The Foundry Hotel wins adaptive reuse award

The Foundry Hotel
The Christman Company’s Knoxville office has earned a historic preservation award for the Foundry Hotel, a boutique luxury property in Asheville, North Carolina. The award was presented by The Preservation Society of Asheville and Buncombe County during a ceremony held May 23. Photo by Bruce McCamish

Press release from The Christman Company:

The Christman Company’s Knoxville office has earned a historic preservation award for the Foundry Hotel, which, once slated for demolition of its century-old buildings, instead was transformed into a boutique luxury hotel in Asheville.

The Foundry Hotel earned a Griffin Award for adaptive reuse from The Preservation Society of Asheville and Buncombe County (PSABC) during a ceremony held May 23. The Griffin Awards honor outstanding projects and individuals that further the goals of historic preservation in Asheville and Buncombe County. The adaptive reuse category, according to PSABC, “recognizes efforts to sensitively alter historic places to allow for a new use.”

This project was particularly gratifying because of the historic buildings we were able to help save,” said Marty Gibbs, vice president and general manager for Christman’s Knoxville operations. “We worked closely with the North Carolina State Historic Preservation Office to make sure we followed its mission to promote the preservation and reuse of historic architecture. The neighborhood is undergoing revitalization efforts, and we are honored to be a part of its resurgence.”

Positioned in Asheville’s historically black business district, an area known as “The Block,” the 87-room hotel, located at 51 S. Market St., opened in November of 2018. The $24 million project saved three buildings and added two structures. Once the home of The Asheville Supply and Foundry Co., the three buildings had been vacant for more than 40 years and had fallen into significant disrepair. The city’s original steel mill, the foundry had manufactured steel for the Biltmore Estate.

The project maintained the brick facade and large windows of its predecessor, and the old name of the company remains visible on an exterior wall. A large manicured lawn and landscaping guided by The North Carolina Arboretum also offers fire pits and rocking chairs. The interior spaces feature exposed beams, restored hardwood floors and the original pulley elevator and other steel company artifacts on display.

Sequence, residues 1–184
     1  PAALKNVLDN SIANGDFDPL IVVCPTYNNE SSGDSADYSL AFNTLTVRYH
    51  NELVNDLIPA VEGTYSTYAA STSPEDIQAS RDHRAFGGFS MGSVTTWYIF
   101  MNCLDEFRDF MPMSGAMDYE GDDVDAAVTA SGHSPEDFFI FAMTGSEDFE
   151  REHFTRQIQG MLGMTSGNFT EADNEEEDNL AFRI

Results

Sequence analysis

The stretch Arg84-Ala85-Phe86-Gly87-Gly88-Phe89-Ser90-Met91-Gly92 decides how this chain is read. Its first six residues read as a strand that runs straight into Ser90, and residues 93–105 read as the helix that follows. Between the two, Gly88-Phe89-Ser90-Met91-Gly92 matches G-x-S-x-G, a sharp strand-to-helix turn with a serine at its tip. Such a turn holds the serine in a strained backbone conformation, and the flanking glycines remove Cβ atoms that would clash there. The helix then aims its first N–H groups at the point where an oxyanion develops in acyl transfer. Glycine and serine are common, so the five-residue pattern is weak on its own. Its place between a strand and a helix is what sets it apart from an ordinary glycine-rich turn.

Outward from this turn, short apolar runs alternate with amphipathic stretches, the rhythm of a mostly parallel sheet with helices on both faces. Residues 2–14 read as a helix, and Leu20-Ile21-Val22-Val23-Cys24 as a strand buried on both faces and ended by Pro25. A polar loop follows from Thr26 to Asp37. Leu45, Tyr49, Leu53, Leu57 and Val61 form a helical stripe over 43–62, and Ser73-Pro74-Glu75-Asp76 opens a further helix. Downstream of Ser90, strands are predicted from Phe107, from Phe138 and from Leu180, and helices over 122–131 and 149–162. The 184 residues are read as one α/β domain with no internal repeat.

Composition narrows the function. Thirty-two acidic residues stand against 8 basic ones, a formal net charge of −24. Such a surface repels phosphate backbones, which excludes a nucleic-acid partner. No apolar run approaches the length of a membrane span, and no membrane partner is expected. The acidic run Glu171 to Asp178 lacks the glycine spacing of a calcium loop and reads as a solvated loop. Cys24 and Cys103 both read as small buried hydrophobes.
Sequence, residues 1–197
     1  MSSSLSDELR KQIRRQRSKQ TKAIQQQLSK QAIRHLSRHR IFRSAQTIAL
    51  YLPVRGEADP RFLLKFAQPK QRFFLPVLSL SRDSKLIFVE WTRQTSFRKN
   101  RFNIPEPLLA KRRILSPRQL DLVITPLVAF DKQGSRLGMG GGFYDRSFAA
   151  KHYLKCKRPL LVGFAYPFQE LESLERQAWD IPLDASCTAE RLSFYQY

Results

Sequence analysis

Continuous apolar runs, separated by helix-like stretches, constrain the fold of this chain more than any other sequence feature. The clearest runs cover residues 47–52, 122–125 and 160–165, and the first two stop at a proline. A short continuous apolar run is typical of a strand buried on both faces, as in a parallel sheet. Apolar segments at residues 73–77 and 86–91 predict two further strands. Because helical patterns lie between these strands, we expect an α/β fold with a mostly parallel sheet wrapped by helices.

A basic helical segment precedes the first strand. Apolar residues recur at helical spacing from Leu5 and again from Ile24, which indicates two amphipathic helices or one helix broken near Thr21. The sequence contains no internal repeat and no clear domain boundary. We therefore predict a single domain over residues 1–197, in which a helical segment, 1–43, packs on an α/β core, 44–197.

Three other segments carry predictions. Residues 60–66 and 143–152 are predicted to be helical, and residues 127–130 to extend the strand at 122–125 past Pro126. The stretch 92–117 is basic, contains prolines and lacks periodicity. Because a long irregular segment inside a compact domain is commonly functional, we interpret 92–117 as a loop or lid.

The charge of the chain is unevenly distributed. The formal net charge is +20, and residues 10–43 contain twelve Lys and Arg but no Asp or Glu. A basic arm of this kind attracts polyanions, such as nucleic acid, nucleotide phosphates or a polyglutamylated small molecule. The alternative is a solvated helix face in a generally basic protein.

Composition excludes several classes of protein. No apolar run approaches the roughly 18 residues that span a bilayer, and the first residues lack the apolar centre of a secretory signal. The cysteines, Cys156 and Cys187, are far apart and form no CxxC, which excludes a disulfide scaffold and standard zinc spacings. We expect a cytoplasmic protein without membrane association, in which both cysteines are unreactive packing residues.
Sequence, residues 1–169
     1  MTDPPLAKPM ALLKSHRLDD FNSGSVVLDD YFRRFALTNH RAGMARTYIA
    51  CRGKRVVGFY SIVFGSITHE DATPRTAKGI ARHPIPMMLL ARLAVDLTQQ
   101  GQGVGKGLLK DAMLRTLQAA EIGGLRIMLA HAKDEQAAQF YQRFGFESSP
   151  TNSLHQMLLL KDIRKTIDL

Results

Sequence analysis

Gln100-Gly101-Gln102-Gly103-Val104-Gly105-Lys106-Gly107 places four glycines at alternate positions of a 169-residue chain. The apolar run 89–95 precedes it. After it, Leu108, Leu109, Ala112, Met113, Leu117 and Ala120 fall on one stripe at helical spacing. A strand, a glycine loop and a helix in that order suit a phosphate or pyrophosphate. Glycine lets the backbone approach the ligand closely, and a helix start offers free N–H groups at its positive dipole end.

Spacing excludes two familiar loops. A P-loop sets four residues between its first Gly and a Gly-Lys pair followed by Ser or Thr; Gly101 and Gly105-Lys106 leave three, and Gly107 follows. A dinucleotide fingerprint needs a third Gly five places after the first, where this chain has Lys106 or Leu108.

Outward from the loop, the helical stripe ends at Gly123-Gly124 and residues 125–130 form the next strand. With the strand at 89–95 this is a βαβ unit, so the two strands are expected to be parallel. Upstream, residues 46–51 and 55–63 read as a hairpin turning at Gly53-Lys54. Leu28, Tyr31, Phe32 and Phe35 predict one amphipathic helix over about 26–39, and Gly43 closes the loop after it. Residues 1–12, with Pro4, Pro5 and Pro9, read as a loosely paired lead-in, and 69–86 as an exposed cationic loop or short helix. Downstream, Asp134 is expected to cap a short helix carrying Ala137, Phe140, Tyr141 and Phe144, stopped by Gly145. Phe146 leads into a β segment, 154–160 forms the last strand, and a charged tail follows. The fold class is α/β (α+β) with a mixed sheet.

The 80,258-square-foot hotel, part of Hilton’s Curio Collection, includes a 100-seat restaurant called Benne on Eagle run by James Beard-nominated Chef John Fleer, who worked for 14 years at Blackberry Farm in Walland, Tennessee. The restaurant offers authentic soul food and pays homage to the culinary impact of African Americans to Appalachian and Southern cuisine.

Studio Z Architecture of Charlotte, North Carolina, was the project’s architect. The property is owned by Encore Lodging and managed by Charlestowne Hotels.

The Christman Company offers a specialization in historic preservation projects. In Knoxville, the company earned a “Fantastic Fifteen” award from Knox Heritage in 2017 and an Award of Distinction from the East Tennessee Historical Society in 2018 for its restoration of the University of Tennessee’s historic Cowan Cottage in Fort Sanders.

In Greensboro, North Carolina, the company earned a Carolinas Association of General Contractors award for redeveloping the 124-year-old Cascade Saloon as its regional office, now known as the Christman Cascade Building.

The Christman Company also has been chosen as a construction contractor by the Ford Motor Co. for the renovation of the 105-year-old Michigan Central Station, which has been vacant and exposed to the elements after closing in 1988. Located in Detroit’s Corktown neighborhood, 1.2-million-square-foot project is the centerpiece of the Dearborn-based automaker’s planned campus around Michigan Avenue.

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